As Jay says:

“When people told me what they were into, I was like, ‘Wow that’s different.’ There are certain people who tell me their ideas and send me their scripts and feedback all the time. I’m very connected to them and they’ve driven the business in the right direction.”

 
More after the jump…

Posted by Martin Schneider | Leave a comment
Finally! Cthulhu dildos
05.11.2016
01:31 pm

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I don’t know what to say here except there’s something for everyone, I supose. And that includes these hand-crafted Cthulhu sex toys by Necronomicox.

How did these things come to be, you might ask? According to Necronomicox:

“I saw a niche that needed to be filled, so to speak.”

Because in his house at R’lyeh, dead Cthulhu waits dreaming masturbating, amirite?

If you’ve been looking for a Cthulhu dildo, for yourself or maybe as a gift, search no further because I’ve got you covered. Each one sells for between $125 to $175 (depending on size, lenght and girth). They’re available through Etsy or the Necronomicox website.


 

 
via Coilhouse on Facebook

Posted by Tara McGinley | Leave a comment
‘I’m A Boy’: The many fantastic times Keith Moon dressed up in full-on drag back in the 1970s
05.11.2016
10:31 am

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The cover of Trouser Press magazine featuring Keith Moon, #14, June/July 1976.
 
According to super-groupie Pamela Des Barres, during the time she dated Keith Moon for about a year, Moon seemed to be happiest when he was “anyone but himself.” During their short time together, Des Barres recalls that Moon enjoyed dressing up in her clothes and “frolicking” in her high-heels in the middle of the night, as well as trading “sexes” for kicks from time to time. Let there be no mistake, in the 32 short years Keith Moon walked among us mere mortals, he really lived every moment like it was his last.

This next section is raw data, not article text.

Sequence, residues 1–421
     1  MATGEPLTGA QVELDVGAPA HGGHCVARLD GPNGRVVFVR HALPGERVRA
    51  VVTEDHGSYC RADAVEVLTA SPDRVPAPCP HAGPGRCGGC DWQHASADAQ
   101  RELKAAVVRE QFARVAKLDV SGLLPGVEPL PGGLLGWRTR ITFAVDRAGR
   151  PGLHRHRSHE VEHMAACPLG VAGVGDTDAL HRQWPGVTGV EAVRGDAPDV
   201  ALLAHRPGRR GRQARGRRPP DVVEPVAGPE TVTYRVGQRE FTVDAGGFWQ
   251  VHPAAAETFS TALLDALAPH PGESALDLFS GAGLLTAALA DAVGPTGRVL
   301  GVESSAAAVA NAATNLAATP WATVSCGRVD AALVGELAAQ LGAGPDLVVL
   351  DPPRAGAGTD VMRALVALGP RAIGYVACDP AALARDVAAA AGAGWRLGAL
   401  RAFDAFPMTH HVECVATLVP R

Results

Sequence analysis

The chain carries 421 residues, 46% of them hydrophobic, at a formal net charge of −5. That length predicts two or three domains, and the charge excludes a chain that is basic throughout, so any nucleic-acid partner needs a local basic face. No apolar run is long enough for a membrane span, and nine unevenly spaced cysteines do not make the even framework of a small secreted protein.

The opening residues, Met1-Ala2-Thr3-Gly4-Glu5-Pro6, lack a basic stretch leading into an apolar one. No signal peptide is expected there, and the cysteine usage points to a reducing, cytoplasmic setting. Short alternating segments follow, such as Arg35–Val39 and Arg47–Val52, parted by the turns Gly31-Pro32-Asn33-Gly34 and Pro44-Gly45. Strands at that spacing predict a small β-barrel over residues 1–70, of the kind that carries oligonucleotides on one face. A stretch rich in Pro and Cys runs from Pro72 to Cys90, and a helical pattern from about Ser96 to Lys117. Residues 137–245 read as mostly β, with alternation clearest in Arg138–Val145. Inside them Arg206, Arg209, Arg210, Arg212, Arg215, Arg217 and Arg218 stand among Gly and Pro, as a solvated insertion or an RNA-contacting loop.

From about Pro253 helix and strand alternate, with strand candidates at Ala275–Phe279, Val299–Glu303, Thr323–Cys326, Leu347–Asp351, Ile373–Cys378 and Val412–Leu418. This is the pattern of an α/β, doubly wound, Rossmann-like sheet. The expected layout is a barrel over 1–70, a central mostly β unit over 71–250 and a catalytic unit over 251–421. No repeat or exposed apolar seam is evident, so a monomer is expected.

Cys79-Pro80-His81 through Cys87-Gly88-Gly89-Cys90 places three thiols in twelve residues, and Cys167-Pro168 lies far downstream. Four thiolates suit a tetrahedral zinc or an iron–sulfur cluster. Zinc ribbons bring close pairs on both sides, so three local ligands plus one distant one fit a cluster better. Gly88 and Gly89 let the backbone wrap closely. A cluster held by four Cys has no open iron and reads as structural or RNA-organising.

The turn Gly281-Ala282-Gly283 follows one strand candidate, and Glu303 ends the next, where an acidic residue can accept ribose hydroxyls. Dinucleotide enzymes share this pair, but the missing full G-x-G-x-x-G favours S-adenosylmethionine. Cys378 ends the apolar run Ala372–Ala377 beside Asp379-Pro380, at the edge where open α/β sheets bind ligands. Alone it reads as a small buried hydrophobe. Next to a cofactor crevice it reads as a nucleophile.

Keith Moon in drag with Pamela Des Barres.
 
Dougal Butler, Moon’s personal assistant who was with Moon for ten tumultuous years, would refer to The Who’s timekeeper as a “heterosexual drag queen” who frequently enjoyed acting like a “ginger beer” (a “ginger beer” is a Cockney rhyming slang for “queer”) and was happiest when he could “get ahold of a dress or two.” Dougal, who authored two books on Moon, Full Moon: The Amazing Rock and Roll Life of the Late Keith Moon and Moon the Loon, noted of all of Moon’s many drag ensembles, the drummers favorite was anytime he could dress up in full regalia like an actual Queen.

In 1972 as the emcee of “The Ultimate ROQ Concert” festival for KROQ FM at the Los Angeles Memorial Coliseum that featured co-headliners Sly and the Family Stone and the Bee Gees (as well as Stevie Wonder among others), Moon appeared on stage dressed in silver sequins (a particular number he would wear many times to many events, pictured above), makeup and a blonde wig when he introduced the shows “special added attraction” Sha-Na-Na. Des Barres recalls in her book, I’m With the Band: Confessions of a Groupie, that she and Moon shared a dressing room with the Bee Gees, who got to watch the perpetually drunk Moonie’s many “wardrobe” changes. Yes.

Of course if you are a fan of The Who, then you’ve probably seen some of the photographic outtakes or magazine adverts from the band’s, 1971’s Who’s Next that feature Mr. Moon cheesecaking it up in ladies lingerie, full makeup and brunette and blonde wigs. In issue #14 of Trouser Press magazine (June/July 1976), the cover (seen at the top of this post) had a side-by-side image of Moon that amusingly suggested that Keith had a “split personality” of sorts. The image included a photo of Moon dressed in drag (and looking super hot I might add), for his gig as the emcee for two shows at New York’s Carnegie Hall with Sha-Na-Na and Cheech and Chong (during which, according to a news item from Billboard Magazine in 1972, Moon sat in on the drums during Sha Na Na’s set. WHAT?). A gig for which Moon flew from England to New York for one night’s work. Keith Moon’s unwavering dedication to having a good time truly (and quite sadly), knew no bounds. 
 

“Won’t Get Fooled Again” ad featuring Keith Moon vamping it up in ladies lingerie, 1971.
 
More Moon the Loon, after the jump…

Posted by Cherrybomb | Leave a comment
For the supervillain who has everything: A giant skull armchair
05.10.2016
03:07 pm

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I’m not going to lie, this giant skull armchair designed by Gregory Besson looks pretty darn comfortable, doesn’t it? Besides that, it can really tie a room together. A certain kind of room.

Apparently the skull is made entirely of fiberglass and the black cushioning is made of leather. So far I haven’t been able to find the price of this, but I always assume when the price tag isn’t listed… it ain’t coming cheap!

If you just gotta own this chair, you can contact Gregory here at his website.


 

 

 
via Neatorama

Posted by Tara McGinley | Leave a comment